Volunteers Look To Inject More Science Into Wisconsin's Environmental Policymaking

Green Fire Advocacy Group Hopes To Pick Up Slack From DNR
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As the Wisconsin Department of Natural Resources undergoes a leadership transition with outgoing Secretary Cathy Stepp heading to a job at the Environmental Protection Agency, there's an increasing sense that Governor Scott Walker administration's approach to regulatory agencies is rubbing off on the federal government.

Under Walker and at the federal level under President Donald Trump's administration, the people appointed to lead the DNR and EPA, respectively, have butted heads with rank-and-file staff, including scientists and career bureaucrats. In another parallel, both state and federal agencies have removed references to climate change from their official websites.

Since Walker took office in 2011, the DNR has experienced several rounds of budget and staff cuts. Stepp, who was a critic of the agency before her appointment, emphasized a "customer service" approach upon taking its reins. When it came to environmental regulations, advocacy groups objected and argued this approach was at odds with science-based policymaking. State legislators also repeatedly sought to curb the agency's power, and a new proposal extends those efforts. Meanwhile, Stepp acknowledged that cuts made the agency's work more difficult.

At the federal level, tensions between agency staff and Trump appointees has become highly public and politically charged, memorably so on social media. On the state level, internal tensions have been more subtle and have had much more time to take root. For the founders of a new nonprofit named Wisconsin's Green Fire, this dynamic at both levels is their reason looking to provide an independent source of evidence-based know-how on environmental issues.

One important aspect of these changes is that DNR staffers are less involved in providing scientific information to policymakers like state legislators and the Wisconsin Natural Resources Board.

"Often at times it's felt that some of the information provided by some of the professionals at DNR is not taken seriously, or is modified or prevented from going forward at the Natural Resources Board," said George Meyer on the Aug. 28, 2017 edition of Wisconsin Public Radio's The West Side. Secretary of the DNR under Gov. Tommy Thompson, Meyer is among the board members of Green Fire, which formed in early 2017.

By bringing together former state, federal and academic conservation professionals — presumably including disaffected DNR staffers who retired under Stepp — Wisconsin's Green Fire hopes to provide sources of science-driven expertise at legislative hearings and to the media and compensate for the curbing of the DNR's regulatory power. The organization's spirit is perhaps a bit less rabble-rousing and more process-oriented than a renegade Twitter account.

"We're not a shadow DNR … we certainly will not be speaking for the agency," Nancy Larson told The West Side. A Green Fire board member, Larson is a former director of DNR's water programs in the northern part of Wisconsin.

Green Fire is still figuring out exactly how it will go about its mission, as organizers don't want to duplicate the efforts of other environmental groups in the state. Larson mentioned the possibility of creating a Green Fire speakers' bureau that could provide the public with access to scientists who specialize in environmental issues relevant to the state.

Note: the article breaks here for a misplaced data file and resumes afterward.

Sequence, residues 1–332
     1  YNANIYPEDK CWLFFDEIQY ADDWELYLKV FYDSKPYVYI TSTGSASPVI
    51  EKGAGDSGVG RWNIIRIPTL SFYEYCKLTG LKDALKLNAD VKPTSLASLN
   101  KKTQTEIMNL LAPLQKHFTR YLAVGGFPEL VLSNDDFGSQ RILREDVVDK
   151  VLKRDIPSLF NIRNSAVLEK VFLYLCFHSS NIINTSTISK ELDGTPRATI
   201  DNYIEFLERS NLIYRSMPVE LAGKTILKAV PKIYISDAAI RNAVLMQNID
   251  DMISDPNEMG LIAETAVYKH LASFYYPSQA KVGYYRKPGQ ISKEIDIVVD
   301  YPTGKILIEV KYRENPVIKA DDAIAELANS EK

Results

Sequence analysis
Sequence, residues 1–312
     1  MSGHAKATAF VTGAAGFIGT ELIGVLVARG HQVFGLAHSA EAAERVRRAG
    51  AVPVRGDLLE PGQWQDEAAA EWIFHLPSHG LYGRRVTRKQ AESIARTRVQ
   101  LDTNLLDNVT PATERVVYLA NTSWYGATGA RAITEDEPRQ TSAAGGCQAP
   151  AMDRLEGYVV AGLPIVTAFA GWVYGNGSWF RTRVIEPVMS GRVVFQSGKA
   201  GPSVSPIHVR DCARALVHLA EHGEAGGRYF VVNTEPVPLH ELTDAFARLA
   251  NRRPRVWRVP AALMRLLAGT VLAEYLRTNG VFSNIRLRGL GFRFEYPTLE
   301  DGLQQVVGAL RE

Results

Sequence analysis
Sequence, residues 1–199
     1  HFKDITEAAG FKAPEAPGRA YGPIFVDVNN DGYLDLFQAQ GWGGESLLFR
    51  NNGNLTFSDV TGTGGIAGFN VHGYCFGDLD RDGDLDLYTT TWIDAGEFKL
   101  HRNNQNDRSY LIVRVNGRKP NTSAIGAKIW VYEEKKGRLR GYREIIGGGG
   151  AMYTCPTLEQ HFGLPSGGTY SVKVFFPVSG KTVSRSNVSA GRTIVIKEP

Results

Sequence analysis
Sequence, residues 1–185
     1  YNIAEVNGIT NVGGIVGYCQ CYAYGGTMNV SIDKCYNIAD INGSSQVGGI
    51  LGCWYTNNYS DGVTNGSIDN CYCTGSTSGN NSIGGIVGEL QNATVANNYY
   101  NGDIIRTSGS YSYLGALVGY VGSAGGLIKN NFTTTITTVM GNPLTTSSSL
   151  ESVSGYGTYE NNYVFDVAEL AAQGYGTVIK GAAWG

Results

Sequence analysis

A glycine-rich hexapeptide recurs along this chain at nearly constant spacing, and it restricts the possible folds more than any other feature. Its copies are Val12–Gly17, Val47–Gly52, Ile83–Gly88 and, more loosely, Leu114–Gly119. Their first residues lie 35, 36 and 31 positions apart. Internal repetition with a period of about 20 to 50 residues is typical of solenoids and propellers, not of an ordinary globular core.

Not all of the current disconnect between the DNR and the public started during the Walker administration, of course.

Joe Knight, former outdoor editor for the Eau Claire Leader-Telegram, said on The West Side that during the administration of Gov. Jim Doyle, the DNR and other state agencies began to change how they dealt with journalists, and the Walker administration has continued that approach. It used to be that a reporter seeking official comment from the DNR could talk with a rank-and-file staff member with expertise in the issue at hand. (This is still by and large the case when contacting scientific researchers in the University of Wisconsin System.) But staffers at DNR and many other state agencies now must refer all media requests to their organization's spokespeople, who are or answer to political appointees. Depending on the circumstances, a spokesperson will often answer questions by email, or sit in on a conference call between a reporter and a staffer.

Science is multi-layered and sometimes messy, but the messaging is controlled.

"All of a sudden all my calls were being routed through to a young guy who sounded like he had a poli sci degree, and he would decide whether or not I could go ahead and talk," Knight recalled of his time reporting on the DNR during the Doyle administration. "It's only gotten worse under Governor Walker — basically a gag order," he added.

Knight pointed out that this approach often makes the DNR's responses to media requests slower, whereas influential and deregulatory-oriented organizations like Wisconsin Manufacturers and Commerce are often quick to get back to reporters with their positions on a given environmental issue. This means journalists increasingly look to former DNR staffers for a conservation perspective on Wisconsin's environmental controversies, the most obvious example being Meyer — who is quoted constantly in news stories about environmental issues and changes at DNR itself.

Larson connected Knight's frustrations about DNR spokespeople with a broader disconnect between the agency and the public.

"Clearly there's been an effort to decrease the information getting out to people, to the media, and that's where we feel that we can at least step in with our experience and help," she said. "Certainly we can't supplant what the agencies need to do, but we have the experience to help somewhat."

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